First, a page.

Police divers searched a canal in Belgium on Thursday as officers "relaunched" an investigation into a baffling series of murders that has gripped the country for more than 30 years.
Known as the Brabant Killers, assailants firing pump-action shotguns killed 28 shoppers and wounded hundreds more in attacks on supermarkets and hostels during a string of robberies in the Brussels area between 1982 and 1985.
Teams of police began excavating parts of the Brussels-Charleroi canal close to the town of Ittre, 30 kilometres (18 miles) from the capital, after a group of young people informed officers they had discovered two firearms and a box of ammunition in the area, inscribed with the word "gendarmerie", the two prosecutors leading the investigation explained on Thursday.
The youths contacted police after watching a television programme about the murders on Tuesday.
"The investigation has been relaunched," said Ignacio de la Serna, attorney general of Mons.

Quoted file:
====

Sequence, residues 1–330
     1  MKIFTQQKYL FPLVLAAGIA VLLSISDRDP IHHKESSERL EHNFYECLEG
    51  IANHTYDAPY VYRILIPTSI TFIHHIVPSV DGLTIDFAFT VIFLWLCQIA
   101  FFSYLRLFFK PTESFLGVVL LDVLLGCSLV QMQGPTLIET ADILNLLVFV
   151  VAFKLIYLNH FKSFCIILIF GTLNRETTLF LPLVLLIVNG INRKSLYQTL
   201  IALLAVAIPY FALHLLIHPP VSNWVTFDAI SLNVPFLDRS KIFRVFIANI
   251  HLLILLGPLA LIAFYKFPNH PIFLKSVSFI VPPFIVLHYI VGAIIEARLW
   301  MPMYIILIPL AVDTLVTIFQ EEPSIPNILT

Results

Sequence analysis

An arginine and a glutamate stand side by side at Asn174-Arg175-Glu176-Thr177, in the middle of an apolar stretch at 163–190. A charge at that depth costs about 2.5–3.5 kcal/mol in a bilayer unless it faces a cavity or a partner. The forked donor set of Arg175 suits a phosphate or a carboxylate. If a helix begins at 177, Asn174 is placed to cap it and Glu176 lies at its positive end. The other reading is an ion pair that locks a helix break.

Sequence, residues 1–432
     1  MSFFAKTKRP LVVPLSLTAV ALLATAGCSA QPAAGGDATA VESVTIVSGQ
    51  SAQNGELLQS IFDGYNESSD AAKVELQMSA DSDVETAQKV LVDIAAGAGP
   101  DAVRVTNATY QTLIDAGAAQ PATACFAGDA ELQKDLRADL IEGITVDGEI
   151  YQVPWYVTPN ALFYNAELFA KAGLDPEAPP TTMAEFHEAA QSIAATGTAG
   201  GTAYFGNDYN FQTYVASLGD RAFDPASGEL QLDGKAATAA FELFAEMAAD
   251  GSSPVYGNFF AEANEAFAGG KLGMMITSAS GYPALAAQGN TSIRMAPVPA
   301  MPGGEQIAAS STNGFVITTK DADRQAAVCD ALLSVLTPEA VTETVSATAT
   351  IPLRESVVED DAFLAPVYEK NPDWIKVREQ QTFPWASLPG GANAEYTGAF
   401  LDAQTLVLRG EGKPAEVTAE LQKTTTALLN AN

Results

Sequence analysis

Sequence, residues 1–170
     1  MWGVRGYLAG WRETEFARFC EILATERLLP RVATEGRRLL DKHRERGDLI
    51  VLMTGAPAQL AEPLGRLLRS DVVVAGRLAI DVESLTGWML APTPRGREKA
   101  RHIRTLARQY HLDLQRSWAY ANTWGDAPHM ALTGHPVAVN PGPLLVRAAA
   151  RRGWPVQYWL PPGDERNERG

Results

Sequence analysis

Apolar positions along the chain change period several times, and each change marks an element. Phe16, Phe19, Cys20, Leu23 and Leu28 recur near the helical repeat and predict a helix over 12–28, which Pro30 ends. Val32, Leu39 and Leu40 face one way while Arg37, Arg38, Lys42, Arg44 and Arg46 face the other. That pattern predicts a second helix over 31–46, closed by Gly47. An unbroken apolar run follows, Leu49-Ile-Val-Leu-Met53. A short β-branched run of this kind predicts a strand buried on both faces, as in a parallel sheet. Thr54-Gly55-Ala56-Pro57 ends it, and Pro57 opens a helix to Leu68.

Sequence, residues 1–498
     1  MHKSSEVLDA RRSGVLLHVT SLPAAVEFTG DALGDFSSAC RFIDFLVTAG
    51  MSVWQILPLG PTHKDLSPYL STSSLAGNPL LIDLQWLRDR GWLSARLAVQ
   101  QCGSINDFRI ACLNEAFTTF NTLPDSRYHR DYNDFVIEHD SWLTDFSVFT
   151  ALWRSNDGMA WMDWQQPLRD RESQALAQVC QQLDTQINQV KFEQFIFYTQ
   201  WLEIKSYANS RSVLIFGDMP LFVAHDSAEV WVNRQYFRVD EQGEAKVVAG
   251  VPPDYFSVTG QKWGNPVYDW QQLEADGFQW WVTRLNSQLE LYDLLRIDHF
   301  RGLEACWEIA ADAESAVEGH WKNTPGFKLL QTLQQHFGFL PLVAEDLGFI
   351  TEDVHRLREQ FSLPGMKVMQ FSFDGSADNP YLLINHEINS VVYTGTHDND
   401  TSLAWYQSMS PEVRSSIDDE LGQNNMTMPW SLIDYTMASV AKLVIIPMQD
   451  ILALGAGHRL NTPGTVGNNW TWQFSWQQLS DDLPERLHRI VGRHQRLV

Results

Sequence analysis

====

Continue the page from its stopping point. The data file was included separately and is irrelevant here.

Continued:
He said the ammunition found apparently dated from the 1980s but stressed: "I want to be very careful until we have an expert report in line with procedures".
The same portion of canal was inspected by police in the '80s when abandoned equipment used by the killers, including a bulletproof vest, was discovered in 1985.
The gang's equipment and ability in handling weapons raised suspicions at the time that there was a link to the gendarmerie, a former Belgian paramilitary police force.
Over the decades, investigators have considered various theories including that the group was part of an attempt by the far left or far right to undermine the state.
The latest developments in the case follow the 2015 deathbed confession of a former policeman who admitted to being one of the Brabant Killers.